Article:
In our study, satisfactory 3D images of the ASVA and AAJ were obtained from the scanning data of the routine head-neck CTA. With the fast scan of CT and the improvements in processing software, the quality of 3D images are improving continuously, such that 3D imaging has ascended to a new stage with a wider application field. VR is one of the 3D imaging techniques extensively applied in recent years. By adjusting the CT value threshold and different colors or opacity of the object observed, VR-3D imaging can clearly and directly show both the ASVA and AAJ in the same image.15,16 Certainly, for clearer 3D images of the VA and AAJ, we can use the techniques of SFOF to show the VA or ASVA alone as in a DSA image and the atlas or epistropheus alone as a bone specimen.17 Furthermore, CT scanning data can be used more than once and 3D images can be observed and analyzed repeatedly; thus the high accuracy of imaging diagnosis can be assured.16

Anatomical characteristics and variation

The ASVA is accompanied by the AAJ with 5 curves for 88.2% of its length. Its size on the left is larger than on the right. The results are basically consistent with the literatures.1,18-20 The ASVA is subject to restriction when it goes through the transverse foramen of C1 or C2. The 2nd and 4th curve slightly keep off the AAJ structure with an arc shape. In our study, the distance from the 2nd or 4th curve to the AAJ was measured. A statistical comparison shows that there is no significant difference between the distance on the left and right. These results are not found in any previous reports. 3DCTA can clearly show the abnormal course of the ASVA and the heteroplasia of C1 or C2, which may result in a change of VA blood flow, and are easily influenced by outside force, such as neck massage or external injury and so on.11,19 Early identification of these variations can provide the basis for surgical operations and other treatments.

Clinical value

The curves of the ASVA exist in order to adapt to head-neck movement mainly performed by the AAJ. With increase in age, the curves become more obvious and the ASVA wall likely calcifies, and blood flow has higher resistance, which probably leads to vertebro-basilar artery insufficiency and influences the normal functioning of corresponding organs such as the inner ear, diencephalon, brain stem and cerebellum, etc.1,3,7,18,20 Clear demonstration of the ASVA and AAJ is one of the research hotspots in medical imaging, of which ultrasound, MRI, conventional angiography or DSA have defects or shortcomings.8,21-23 3DCTA can show wall calcification and narrowing of the VA, and identify their length and site, based on which we can provide prevention measures in order to decrease the incident rate of cerebral infarction and improve prognosis. Abnormality or variation of the AAJ, such as atlantoaxial subluxation or congenital arcuate foramen, may result in VA distortion, narrowing and being pressed, which may affect the blood flow of the VA. 3DCTA can clearly and directly show the pathologies and variations of the ASVA and AAJ, and provide an important basis for diagnosing and managing abnormalities of the AAJ and ASVA.12,22-25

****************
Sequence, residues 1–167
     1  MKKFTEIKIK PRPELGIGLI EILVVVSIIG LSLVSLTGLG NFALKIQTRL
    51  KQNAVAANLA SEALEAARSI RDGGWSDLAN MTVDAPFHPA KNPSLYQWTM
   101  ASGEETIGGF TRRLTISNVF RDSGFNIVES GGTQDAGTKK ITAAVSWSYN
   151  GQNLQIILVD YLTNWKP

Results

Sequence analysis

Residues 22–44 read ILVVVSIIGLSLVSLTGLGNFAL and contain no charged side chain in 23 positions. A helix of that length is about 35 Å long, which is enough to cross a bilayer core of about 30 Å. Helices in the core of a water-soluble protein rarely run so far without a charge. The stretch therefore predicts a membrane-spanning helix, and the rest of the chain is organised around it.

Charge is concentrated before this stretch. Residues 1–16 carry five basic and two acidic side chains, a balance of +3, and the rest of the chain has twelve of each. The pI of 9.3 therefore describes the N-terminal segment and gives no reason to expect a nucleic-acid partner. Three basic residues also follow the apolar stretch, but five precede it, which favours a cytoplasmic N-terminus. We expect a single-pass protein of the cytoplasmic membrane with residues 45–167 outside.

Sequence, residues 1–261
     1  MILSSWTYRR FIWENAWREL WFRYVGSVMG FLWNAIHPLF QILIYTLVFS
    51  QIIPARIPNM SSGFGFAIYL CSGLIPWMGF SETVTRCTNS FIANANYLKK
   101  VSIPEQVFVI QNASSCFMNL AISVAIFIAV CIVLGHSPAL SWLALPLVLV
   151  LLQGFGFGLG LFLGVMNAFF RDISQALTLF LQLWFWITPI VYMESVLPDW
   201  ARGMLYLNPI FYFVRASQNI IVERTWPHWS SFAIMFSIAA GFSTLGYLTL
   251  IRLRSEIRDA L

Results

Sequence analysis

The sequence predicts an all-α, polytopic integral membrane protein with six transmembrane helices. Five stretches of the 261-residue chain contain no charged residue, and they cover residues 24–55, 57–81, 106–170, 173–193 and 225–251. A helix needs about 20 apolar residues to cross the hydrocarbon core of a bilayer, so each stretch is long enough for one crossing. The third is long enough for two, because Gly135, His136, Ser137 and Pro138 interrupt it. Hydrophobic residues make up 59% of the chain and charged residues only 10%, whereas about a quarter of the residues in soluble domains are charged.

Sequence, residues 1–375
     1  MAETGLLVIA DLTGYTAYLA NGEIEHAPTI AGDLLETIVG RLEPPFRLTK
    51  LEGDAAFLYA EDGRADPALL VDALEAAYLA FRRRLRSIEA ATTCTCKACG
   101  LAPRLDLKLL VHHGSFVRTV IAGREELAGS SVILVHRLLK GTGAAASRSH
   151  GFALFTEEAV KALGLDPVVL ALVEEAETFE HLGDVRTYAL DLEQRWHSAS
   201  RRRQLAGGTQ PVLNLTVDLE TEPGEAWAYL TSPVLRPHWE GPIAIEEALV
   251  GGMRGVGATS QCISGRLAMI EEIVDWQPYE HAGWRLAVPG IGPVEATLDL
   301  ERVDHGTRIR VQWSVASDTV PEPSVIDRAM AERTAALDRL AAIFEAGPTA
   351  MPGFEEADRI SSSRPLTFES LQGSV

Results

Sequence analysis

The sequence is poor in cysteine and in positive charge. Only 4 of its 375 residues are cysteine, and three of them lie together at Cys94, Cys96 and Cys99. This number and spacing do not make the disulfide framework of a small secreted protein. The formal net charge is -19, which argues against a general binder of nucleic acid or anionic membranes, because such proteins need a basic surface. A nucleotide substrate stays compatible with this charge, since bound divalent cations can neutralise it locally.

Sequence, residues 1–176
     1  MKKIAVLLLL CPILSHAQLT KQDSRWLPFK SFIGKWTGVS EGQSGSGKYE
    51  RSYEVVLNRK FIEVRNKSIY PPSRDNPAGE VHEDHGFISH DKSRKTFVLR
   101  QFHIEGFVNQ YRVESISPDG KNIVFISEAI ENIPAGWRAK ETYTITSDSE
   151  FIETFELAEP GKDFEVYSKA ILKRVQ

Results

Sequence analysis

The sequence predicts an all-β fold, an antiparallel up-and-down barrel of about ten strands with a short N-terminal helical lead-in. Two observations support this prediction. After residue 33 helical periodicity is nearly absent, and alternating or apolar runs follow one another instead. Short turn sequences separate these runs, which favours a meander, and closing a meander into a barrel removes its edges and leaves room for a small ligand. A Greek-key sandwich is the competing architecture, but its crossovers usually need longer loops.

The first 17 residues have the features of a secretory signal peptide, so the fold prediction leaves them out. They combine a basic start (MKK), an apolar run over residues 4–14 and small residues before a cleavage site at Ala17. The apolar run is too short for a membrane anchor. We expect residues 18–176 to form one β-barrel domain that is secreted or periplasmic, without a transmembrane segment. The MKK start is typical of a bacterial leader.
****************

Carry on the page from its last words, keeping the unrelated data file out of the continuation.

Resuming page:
With the development of spiral CT, 3D imaging is increasingly applied in medical practice. 3DCTA can globally and directly identify the relations between the ASVA and AAJ, and provide detailed 3D anatomical data, which are the bases for diagnosing and treating the disorders of the AAJ and ASVA.


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vertebral artery; atlantoaxial joint; computed tomography; X-ray; image processing; computer-assisted